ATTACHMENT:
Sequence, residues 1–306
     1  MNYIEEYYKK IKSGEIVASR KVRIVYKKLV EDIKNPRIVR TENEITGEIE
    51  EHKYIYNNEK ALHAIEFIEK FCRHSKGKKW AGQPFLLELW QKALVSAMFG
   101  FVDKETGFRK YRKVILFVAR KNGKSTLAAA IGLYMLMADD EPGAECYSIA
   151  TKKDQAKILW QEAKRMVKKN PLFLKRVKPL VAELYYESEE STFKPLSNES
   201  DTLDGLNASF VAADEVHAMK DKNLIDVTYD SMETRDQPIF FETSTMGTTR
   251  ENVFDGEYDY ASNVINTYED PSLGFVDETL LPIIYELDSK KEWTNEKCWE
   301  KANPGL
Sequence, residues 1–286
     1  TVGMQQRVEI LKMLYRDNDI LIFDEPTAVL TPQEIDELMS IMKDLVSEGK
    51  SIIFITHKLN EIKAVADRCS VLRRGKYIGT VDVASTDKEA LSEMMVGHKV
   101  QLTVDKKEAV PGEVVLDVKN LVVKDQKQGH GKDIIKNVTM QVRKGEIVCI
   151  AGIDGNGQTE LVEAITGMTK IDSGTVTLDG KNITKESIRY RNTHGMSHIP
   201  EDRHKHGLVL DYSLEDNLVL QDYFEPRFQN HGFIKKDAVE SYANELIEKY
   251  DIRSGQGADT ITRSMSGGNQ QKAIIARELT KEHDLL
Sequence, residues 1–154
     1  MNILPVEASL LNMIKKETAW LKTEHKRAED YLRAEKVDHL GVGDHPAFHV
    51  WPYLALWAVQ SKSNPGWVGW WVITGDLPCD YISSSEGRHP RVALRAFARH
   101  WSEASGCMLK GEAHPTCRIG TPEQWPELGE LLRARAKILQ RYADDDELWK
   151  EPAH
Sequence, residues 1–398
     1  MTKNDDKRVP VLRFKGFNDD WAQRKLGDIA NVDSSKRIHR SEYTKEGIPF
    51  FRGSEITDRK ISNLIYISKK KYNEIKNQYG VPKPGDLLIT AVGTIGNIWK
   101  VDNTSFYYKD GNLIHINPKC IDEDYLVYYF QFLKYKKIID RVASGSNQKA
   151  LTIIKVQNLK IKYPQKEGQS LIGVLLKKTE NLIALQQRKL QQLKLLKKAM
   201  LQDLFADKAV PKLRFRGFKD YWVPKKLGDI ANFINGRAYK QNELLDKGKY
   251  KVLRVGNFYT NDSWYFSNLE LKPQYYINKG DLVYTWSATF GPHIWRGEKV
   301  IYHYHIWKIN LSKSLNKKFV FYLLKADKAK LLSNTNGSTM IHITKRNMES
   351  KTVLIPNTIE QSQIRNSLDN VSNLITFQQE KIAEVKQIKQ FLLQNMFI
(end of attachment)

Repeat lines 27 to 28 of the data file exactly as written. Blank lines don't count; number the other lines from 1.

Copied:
   251  KVLRVGNFYT NDSWYFSNLE LKPQYYINKG DLVYTWSATF GPHIWRGEKV
   301  IYHYHIWKIN LSKSLNKKFV FYLLKADKAK LLSNTNGSTM IHITKRNMES